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Subject: Re: XPath 2.0 support

Just from the top of my head, there are a number of places where
non-US-ASCII can be relevant in XACML. There is a <Description> element
which may be human readable and in another language than English. It is
also possible that attributes contain natural language items such as
names of persons or roles.

Personally I have never found namespaces hard to deal with, but I might
have been lucky.

BTW, eliminating namespaces from xpath expressions is not what we are
considering here. The optional feature of xpath is the namespace axis,
which can be used to access namespace nodes directly. This was available
in xpath 1.0, but has been deprecated in 2.0 in favor of other
mechanisms related to namespaces.


sampo@symlabs.com wrote:
> Erik Rissanen writes:
>> Thanks for the feedback, Sampo! See responses inline.
>> sampo@symlabs.com wrote:
>>> Erik Rissanen writes:
>>>> Below are items listed at:
>>>> http://www.w3.org/TR/xpath20/#id-impl-defined-items
>>>> 1.    The version of Unicode that is used to construct expressions.
>>>> * We can leave this to be defined by XACML implementations, with the
>>>> recommendation that the most recent version is used.
>>> I guess all (or just most?) of XACML stays within US ASCII which
>>> is trivially handled by UTF-8 so any further versions of Unicode
>>> are really only of theoretical interest. A much more important
>>> issue is whether UTF-8 is mandatory or whether UTF-16 is also
>>> allowed (it should not be)?
>> I think this refers to the character set version, not how unicode
>> character strings are encoded into octet streams (utf-8, utf-16,
>> etc). The encoding would be given in the <?xml ?> processing
>> instruction, and is outside the scope of XPath and XACML.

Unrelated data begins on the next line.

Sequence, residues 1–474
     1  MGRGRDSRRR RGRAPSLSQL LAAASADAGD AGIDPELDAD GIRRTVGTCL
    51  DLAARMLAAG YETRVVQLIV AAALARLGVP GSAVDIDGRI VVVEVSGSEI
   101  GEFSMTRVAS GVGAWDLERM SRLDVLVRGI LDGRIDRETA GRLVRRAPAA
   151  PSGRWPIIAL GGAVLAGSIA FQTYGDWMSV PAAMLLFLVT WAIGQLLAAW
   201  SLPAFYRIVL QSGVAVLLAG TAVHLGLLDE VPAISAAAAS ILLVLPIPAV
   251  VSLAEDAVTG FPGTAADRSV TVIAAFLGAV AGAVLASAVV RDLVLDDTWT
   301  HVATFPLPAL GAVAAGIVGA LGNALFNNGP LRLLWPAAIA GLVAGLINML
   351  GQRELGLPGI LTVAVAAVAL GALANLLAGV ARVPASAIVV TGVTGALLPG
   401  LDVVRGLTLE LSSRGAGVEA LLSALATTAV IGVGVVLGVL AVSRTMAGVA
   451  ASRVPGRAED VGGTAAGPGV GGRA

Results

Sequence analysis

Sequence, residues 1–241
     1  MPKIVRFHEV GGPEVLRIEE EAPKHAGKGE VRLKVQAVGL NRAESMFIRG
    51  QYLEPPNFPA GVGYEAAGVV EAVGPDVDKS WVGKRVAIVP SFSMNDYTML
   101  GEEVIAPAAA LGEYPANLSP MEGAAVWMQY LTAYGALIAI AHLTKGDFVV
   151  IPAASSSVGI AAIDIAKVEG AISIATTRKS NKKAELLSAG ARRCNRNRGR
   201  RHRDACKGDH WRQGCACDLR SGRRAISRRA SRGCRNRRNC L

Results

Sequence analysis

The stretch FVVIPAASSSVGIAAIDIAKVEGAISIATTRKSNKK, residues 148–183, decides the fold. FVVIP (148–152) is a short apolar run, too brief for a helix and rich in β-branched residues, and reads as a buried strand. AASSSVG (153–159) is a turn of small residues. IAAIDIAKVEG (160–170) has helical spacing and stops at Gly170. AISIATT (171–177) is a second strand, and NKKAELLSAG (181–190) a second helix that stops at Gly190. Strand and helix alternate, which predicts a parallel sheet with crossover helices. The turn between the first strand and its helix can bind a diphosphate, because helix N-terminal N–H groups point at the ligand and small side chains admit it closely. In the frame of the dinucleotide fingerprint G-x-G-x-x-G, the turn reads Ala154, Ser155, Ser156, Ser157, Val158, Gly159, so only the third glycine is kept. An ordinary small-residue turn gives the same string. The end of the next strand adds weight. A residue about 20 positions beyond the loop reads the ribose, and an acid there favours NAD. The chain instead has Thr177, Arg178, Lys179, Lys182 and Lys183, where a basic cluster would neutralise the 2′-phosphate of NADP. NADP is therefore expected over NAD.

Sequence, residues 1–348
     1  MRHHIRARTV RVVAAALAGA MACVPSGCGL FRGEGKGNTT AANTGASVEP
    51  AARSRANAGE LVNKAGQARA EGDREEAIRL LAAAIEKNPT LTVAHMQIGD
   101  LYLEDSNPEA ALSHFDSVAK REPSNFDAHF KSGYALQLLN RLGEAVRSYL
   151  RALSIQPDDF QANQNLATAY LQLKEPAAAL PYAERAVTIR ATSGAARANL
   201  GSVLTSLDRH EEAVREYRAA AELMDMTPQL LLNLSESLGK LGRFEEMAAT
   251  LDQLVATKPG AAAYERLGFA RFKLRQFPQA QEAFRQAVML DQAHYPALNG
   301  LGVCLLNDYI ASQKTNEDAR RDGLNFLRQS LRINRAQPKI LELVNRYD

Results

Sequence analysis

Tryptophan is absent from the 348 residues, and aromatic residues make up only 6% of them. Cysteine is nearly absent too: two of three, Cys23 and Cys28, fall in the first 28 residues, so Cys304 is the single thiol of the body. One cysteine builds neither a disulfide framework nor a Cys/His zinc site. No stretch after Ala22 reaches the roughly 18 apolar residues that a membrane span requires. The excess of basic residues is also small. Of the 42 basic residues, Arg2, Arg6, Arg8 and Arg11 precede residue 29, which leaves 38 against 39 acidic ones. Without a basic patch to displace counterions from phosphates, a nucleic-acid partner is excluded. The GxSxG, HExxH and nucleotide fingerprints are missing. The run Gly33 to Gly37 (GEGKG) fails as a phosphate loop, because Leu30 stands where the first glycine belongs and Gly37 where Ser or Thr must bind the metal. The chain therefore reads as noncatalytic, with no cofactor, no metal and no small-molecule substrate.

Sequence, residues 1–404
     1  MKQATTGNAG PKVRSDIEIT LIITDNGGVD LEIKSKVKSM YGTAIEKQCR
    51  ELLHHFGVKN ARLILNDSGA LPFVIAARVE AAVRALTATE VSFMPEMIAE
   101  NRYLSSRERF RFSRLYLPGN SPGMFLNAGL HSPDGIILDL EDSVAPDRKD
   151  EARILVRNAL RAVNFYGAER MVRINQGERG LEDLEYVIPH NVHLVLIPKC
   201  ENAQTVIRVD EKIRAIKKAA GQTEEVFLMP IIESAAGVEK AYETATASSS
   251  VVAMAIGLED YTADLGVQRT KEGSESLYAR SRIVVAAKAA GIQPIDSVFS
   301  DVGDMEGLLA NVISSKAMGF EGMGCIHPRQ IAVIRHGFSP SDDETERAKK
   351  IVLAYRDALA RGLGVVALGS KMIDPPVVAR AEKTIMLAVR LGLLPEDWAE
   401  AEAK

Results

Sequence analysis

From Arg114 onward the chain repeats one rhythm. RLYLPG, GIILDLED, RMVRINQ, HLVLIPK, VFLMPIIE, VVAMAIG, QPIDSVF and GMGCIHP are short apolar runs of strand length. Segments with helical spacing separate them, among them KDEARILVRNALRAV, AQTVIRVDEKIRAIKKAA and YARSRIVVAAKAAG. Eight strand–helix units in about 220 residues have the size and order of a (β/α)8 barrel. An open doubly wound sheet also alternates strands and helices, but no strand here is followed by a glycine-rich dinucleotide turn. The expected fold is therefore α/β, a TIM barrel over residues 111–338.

>> I don't think we should in any way limit ourselves to US ASCII. As a
>> Swede/Finn, I have had enough of trouble with the US ASCII legacy
>> already. :-)
> I'm a Finn, BTW.
> US ASCII (7 bits) works across wide range of implementations. Anything
> that is meant to be machine readable or machine processed should stay
> within US ASCII. Why should it not? Or should we start writing these
> specs in a language other than english? Or perhaps we should just
> adopt a binary encoding like ASN.1 ;-)
> Now, if there are texts to be displayed to the user or accepted from
> the user (e.g. disclaimers, consent questions, and prompts), then
> I see the point venturing beyound US ACSII (7 bit). But are there
> any such texts in XACML?
>> I think we should leave it to implementors so XACML can stay current
>> as Unicode is updated.
>>>> 3.    The implicit timezone.
>>>> * We define this as UTC? Or should this be XACML implementation
>>>> defined?
>>> Mandate UTC.
>> I agree with you on this. It seems as one of those things which will
>> make Mars spacecraft crash some day in the future otherwise.
>>>> 6.    Whether the implementation is based on the rules of [XML 1.0]
>>>> and
>>>> [XML Names] or the rules of [XML 1.1] and [XML Names 1.1]. One of
>>>> these